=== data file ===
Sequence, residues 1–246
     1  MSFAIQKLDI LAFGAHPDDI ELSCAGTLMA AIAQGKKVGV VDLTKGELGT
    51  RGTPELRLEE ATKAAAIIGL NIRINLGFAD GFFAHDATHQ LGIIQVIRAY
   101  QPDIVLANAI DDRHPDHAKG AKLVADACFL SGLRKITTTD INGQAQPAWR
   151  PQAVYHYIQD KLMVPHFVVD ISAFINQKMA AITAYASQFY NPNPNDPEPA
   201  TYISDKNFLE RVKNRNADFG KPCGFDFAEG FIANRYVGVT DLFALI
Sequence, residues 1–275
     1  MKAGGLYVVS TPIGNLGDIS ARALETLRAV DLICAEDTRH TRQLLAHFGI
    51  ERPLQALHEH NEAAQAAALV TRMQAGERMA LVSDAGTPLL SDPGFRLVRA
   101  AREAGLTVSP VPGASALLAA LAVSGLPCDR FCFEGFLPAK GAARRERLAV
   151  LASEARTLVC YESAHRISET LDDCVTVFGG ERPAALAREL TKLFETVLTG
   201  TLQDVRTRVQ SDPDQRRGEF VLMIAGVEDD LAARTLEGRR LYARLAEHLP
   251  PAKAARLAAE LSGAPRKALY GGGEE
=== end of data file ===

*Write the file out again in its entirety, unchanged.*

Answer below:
Sequence, residues 1–246
     1  MSFAIQKLDI LAFGAHPDDI ELSCAGTLMA AIAQGKKVGV VDLTKGELGT
    51  RGTPELRLEE ATKAAAIIGL NIRINLGFAD GFFAHDATHQ LGIIQVIRAY
   101  QPDIVLANAI DDRHPDHAKG AKLVADACFL SGLRKITTTD INGQAQPAWR
   151  PQAVYHYIQD KLMVPHFVVD ISAFINQKMA AITAYASQFY NPNPNDPEPA
   201  TYISDKNFLE RVKNRNADFG KPCGFDFAEG FIANRYVGVT DLFALI
Sequence, residues 1–275
     1  MKAGGLYVVS TPIGNLGDIS ARALETLRAV DLICAEDTRH TRQLLAHFGI
    51  ERPLQALHEH NEAAQAAALV TRMQAGERMA LVSDAGTPLL SDPGFRLVRA
   101  AREAGLTVSP VPGASALLAA LAVSGLPCDR FCFEGFLPAK GAARRERLAV
   151  LASEARTLVC YESAHRISET LDDCVTVFGG ERPAALAREL TKLFETVLTG
   201  TLQDVRTRVQ SDPDQRRGEF VLMIAGVEDD LAARTLEGRR LYARLAEHLP
   251  PAKAARLAAE LSGAPRKALY GGGEE